To keep the molecule stable, the vaccine must be stored at ultracold temperatures, between minus 112 and minus 76. Generally, the guidance is minus 94 and below. At those temperatures, it is stable for up to six months.
Once the vaccine arrives at a hospital or clinic, it can be held at regular refrigerator temperatures of between 35 to 46 degrees for up to five days before it must be discarded.
That’s no mean feat. At minus 22, sap in trees freezes. At minus 58, some steel alloys become brittle. At minus 76, car batteries freeze. At minus 97, tires can shatter, said Tonya Kuhl, chair of the chemical engineering department at the University of California, Davis. Keeping anything that cold requires specialized equipment – or lots and lots of dry ice.
“In the science world, it’s not that cold,” Kuhl said. “But in the regular world, it certainly is. That temperature is really important in storage to keep things stable.”
Ultra-cold needs special equipment
Medical-grade ultracold freezers are not cheap. An upright model the size of a large home refrigerator can run about $25,000. An under-counter freezer the size of a dorm fridge is about $10,000. And a model on wheels about the size of a beach cooler runs $7,000.
Pharmacies, clinics, hospitals and doctors’ offices have been snapping them up as fast as they can build them. Stirling Ultracold has increased hours on its factory floor and is working six days a week to meet demand. Even so, they’re back-ordered for at least a month, Tenney said.
Opening such a freezer is not like rummaging around in the fridge for a snack. Once the door is open, a wave of fog swirls out as the cold hits the moisture in the room air. Gloves and long sleeves must be worn to keep from getting freezer burns from the unit itself or the items inside.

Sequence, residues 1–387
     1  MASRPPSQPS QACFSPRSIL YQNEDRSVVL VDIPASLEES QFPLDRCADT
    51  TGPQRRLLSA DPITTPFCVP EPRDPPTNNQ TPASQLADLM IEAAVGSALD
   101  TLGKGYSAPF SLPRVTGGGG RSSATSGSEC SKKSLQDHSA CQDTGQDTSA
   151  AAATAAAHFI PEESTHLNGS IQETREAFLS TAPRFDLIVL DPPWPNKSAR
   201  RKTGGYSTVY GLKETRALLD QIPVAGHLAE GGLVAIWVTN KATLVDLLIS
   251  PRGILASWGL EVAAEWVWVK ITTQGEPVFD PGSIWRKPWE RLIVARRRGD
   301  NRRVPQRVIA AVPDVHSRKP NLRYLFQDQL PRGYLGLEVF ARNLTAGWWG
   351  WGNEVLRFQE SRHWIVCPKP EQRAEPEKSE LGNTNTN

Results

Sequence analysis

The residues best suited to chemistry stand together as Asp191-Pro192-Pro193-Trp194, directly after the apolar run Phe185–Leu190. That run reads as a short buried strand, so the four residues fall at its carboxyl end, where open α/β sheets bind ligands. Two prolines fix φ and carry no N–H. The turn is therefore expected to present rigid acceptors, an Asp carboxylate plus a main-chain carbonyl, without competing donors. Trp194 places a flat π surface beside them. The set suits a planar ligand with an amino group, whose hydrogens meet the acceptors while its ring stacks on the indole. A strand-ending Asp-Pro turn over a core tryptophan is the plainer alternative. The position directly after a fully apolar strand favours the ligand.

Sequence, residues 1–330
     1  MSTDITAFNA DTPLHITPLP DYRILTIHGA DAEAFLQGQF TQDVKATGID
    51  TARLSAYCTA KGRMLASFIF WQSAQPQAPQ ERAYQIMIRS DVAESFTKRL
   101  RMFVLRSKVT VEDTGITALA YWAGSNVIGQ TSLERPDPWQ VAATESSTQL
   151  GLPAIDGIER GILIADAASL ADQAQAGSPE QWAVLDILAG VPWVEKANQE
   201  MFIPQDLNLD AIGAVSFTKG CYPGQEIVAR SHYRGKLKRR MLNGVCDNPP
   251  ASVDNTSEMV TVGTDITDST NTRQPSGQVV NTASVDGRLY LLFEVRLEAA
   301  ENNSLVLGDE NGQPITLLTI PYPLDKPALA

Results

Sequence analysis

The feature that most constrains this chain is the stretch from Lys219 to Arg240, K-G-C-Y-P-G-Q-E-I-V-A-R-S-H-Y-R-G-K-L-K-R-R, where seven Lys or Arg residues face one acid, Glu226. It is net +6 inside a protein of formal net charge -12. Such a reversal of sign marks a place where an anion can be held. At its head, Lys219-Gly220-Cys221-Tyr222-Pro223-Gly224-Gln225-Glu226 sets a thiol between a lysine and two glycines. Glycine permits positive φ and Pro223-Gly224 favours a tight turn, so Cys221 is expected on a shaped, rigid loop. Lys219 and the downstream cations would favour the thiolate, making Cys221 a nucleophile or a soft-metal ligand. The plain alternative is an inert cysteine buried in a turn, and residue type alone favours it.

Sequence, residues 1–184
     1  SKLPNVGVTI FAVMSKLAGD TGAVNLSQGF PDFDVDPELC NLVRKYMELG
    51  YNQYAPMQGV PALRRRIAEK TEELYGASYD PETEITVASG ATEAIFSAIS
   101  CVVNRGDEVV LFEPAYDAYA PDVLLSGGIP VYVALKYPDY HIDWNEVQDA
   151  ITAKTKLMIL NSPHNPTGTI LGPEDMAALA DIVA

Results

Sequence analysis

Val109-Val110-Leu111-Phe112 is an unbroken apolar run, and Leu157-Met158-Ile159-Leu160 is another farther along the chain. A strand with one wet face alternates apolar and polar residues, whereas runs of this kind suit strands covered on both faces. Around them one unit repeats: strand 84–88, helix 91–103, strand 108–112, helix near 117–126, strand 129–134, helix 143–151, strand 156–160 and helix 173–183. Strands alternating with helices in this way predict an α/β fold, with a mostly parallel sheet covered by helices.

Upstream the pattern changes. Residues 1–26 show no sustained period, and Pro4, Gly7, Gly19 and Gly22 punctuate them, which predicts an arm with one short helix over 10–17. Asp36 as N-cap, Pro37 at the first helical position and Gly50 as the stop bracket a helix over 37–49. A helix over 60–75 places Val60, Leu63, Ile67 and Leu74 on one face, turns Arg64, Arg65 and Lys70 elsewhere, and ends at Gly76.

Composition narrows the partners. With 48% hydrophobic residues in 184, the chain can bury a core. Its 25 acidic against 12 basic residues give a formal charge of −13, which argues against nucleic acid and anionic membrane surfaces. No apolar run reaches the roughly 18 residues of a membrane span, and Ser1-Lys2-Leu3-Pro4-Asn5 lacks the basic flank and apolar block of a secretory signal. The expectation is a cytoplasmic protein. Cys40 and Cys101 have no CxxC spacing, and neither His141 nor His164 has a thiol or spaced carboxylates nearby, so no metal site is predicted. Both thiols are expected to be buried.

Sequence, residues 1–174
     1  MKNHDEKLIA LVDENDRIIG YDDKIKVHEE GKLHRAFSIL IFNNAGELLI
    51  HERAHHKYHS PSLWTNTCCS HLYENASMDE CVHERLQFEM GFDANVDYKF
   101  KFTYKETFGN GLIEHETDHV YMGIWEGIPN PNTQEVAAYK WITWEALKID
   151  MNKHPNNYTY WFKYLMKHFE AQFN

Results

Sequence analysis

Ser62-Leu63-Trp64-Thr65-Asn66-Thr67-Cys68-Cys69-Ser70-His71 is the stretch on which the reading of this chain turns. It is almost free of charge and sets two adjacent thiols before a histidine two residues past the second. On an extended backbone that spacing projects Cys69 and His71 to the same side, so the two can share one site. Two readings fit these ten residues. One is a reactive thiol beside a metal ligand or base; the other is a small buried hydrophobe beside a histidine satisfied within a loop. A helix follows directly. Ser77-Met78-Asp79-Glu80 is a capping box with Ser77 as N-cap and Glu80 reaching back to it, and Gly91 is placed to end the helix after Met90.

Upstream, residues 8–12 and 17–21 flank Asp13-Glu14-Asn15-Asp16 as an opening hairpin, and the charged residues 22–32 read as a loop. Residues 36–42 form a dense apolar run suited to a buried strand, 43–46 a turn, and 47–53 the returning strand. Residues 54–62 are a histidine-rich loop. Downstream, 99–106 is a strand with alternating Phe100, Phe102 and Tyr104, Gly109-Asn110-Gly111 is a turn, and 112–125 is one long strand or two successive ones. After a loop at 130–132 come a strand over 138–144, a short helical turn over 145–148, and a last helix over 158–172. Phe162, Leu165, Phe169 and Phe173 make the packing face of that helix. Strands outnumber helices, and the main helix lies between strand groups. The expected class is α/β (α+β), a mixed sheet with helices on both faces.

Pfizer’s COVID-19 vaccine is being shipped in specially designed, insulated containers that hold between 195 and 975 five-dose vials and are about the size of a carry-on suitcase. The vials are stored in flat, pizza box-sized compartments, each of which holds 195 vials. A fully-loaded thermal container, which is reusable, contains five of these and weighs about 70 pounds. These “shippers” as Pfizer calls them have space at the top for dry ice, which can keep the vaccine at the necessary temperature for ten days if unopened, or five days as long as it’s opened no more than twice a day for very short periods of time (Photo: Pfizer Inc.)
The good news, say administrators, is that many hospitals and academic medical centers already had ultracold freezers because they’re used to store blood products, lab diagnostic materials and biological samples.
“More than 50% of our members already had them on hand,” said Azra Behlim, senior director of pharmacy sourcing at Vizient, a purchasing and support network for non-profit health systems. Vizient works with more than 60% of all hospitals in the United States.
Even so, some are buying the freezers “just to make things easier” when the vaccine starts shipping, she said.
But with the expectation that more vaccines will soon become available that can be stored at regular refrigerator temperatures, other medical systems are holding off.
“They’re wondering if they should jump through all these logistical hoops” when it might not be necessary, Behlim said. The first vaccines will be going to frontline health care workers, most of whom can be readily supplied at large hospitals that already have ultracold infrastructure.